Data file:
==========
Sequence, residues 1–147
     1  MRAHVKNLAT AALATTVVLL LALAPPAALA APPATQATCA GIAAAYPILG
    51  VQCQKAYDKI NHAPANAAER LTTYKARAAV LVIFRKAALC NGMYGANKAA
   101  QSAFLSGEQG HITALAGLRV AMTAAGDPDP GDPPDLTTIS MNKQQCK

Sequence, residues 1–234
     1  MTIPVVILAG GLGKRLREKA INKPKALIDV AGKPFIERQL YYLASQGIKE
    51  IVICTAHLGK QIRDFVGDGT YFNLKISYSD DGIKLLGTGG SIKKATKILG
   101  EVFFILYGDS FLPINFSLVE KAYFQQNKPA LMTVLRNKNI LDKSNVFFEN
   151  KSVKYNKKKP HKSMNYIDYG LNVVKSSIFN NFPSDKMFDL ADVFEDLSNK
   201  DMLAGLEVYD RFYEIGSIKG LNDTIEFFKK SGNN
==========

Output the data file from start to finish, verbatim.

Sequence, residues 1–147
     1  MRAHVKNLAT AALATTVVLL LALAPPAALA APPATQATCA GIAAAYPILG
    51  VQCQKAYDKI NHAPANAAER LTTYKARAAV LVIFRKAALC NGMYGANKAA
   101  QSAFLSGEQG HITALAGLRV AMTAAGDPDP GDPPDLTTIS MNKQQCK

Sequence, residues 1–234
     1  MTIPVVILAG GLGKRLREKA INKPKALIDV AGKPFIERQL YYLASQGIKE
    51  IVICTAHLGK QIRDFVGDGT YFNLKISYSD DGIKLLGTGG SIKKATKILG
   101  EVFFILYGDS FLPINFSLVE KAYFQQNKPA LMTVLRNKNI LDKSNVFFEN
   151  KSVKYNKKKP HKSMNYIDYG LNVVKSSIFN NFPSDKMFDL ADVFEDLSNK
   201  DMLAGLEVYD RFYEIGSIKG LNDTIEFFKK SGNN